The Great Escape (John Sturges, 1963)

What's it about? Splutter! What's it about!? It's only the best, most famous prison breakout film, like, ever! Based on the true story of the famous prison break in 1944 from the supposedly inescapable Stalag Luft III by Allied soldiers during WWII, as you should well know. Yes, it's even better than bloody Prison Break! 

Is it any good? Splutter! Is it any good!? Of course it bloody well is! It may not be the most serious movie about WWII and it has the dubious honour of being labelled a 'Bank Holiday' movie, but they put it on then because they know everyone gets sucked in when they start watching it. It's a gloriously old-fashioned Boys Own adventure, full of excitement, humour and tragedy. As with the best prison breakout movies, all the staple ingredients of the daring escape are present and correct; plans are hatched, guards are bribed, tunnels are dug, papers are forged, mistakes are made, fences are jumped. It’s been seen a thousand times in a thousand escape movies, but the thrill, as always, is in seeing the ingenious details of the plan unfold and how unexpected obstacles are overcome.

Here, the fun is further enhanced by the all-star cast who create a terrific array of memorable characters and moments. Personally, it's Gordon Jackson getting caught out by his own trick that never fails to make me wince, but Richard Attenborough, Donald Pleasance, James Coburn, Charles Bronson, James Garner and many others all get their moments to shine. And then of course, there's Steve McQueen, the Cooler King, who (as Eddie Izzard noted) is so cool he doesn't even need a disguise like the others when he breaks out. Even when he finally gets one from a German soldier, he soon discards it because he is too American. Although the motorbike escape was entirely fictional, only inserted on the insistence of motorbike-mad McQueen (and doubled by stunt rider Bud Ekins), the thrilling jump over the barbed wire fence has become one of the defining moments of the movie and is an enduring image in cinema.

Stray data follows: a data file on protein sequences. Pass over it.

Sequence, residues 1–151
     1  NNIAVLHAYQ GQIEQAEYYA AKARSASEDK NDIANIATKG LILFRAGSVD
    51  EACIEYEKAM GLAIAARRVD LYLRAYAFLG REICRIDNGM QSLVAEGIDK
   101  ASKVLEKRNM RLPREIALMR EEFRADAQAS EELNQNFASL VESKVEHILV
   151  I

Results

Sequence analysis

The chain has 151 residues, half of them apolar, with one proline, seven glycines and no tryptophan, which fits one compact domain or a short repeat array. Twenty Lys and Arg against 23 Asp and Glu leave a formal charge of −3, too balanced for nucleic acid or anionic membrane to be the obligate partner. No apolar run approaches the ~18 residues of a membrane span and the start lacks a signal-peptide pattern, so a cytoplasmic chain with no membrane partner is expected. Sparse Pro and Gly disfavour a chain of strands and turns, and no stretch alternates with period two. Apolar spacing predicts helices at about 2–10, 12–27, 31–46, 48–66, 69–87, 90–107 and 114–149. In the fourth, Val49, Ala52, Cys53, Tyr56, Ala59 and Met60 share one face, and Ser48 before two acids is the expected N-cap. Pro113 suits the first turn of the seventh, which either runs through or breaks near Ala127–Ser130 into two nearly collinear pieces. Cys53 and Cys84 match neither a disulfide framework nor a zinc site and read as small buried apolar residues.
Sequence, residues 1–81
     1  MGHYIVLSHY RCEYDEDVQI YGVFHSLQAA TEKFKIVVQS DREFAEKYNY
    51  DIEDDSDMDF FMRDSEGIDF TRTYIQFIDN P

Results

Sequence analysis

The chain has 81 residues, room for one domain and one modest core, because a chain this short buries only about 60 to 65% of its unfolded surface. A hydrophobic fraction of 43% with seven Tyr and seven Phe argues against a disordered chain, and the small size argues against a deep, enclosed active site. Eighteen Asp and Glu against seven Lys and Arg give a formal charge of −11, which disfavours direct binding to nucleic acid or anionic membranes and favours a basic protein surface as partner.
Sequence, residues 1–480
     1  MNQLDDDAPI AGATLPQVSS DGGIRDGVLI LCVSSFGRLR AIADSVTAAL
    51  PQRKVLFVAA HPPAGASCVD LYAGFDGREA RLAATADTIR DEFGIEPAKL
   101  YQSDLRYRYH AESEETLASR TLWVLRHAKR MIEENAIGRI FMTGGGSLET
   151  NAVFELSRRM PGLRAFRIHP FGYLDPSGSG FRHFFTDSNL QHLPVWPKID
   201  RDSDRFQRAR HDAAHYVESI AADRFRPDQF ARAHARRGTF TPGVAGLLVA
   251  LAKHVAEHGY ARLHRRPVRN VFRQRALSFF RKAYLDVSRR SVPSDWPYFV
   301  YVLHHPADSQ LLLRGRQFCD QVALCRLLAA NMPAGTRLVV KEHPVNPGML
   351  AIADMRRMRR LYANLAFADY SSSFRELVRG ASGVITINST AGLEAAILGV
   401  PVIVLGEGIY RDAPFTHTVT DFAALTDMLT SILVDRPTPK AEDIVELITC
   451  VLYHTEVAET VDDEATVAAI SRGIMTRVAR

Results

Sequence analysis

And last, but certainly not least, keeping the whole thing ticking along is ElmerBernstein's infectious theme tune – even the adoption of the theme by English football fans hasn’t lessened its brilliance. Now that is a true testament to endurance. Tally-ho!

Anything else I should know? This review has been prompted by the recent 70th anniversary celebrations of the real-life escape, which has spawned a number of articles about the real-life characters and details involved. Here's the account of one real-life POW in the camp and here's a link to a number of homages inspired by the film, including ones by The Simpsons, Monty Python and Red Dwarf.

What does the Fonz think? Great by name, great by nature. All together! 
Doo, doo, do-doo, do-do-doo, doo, doo, do-doo, do-doo, do-do-doo.

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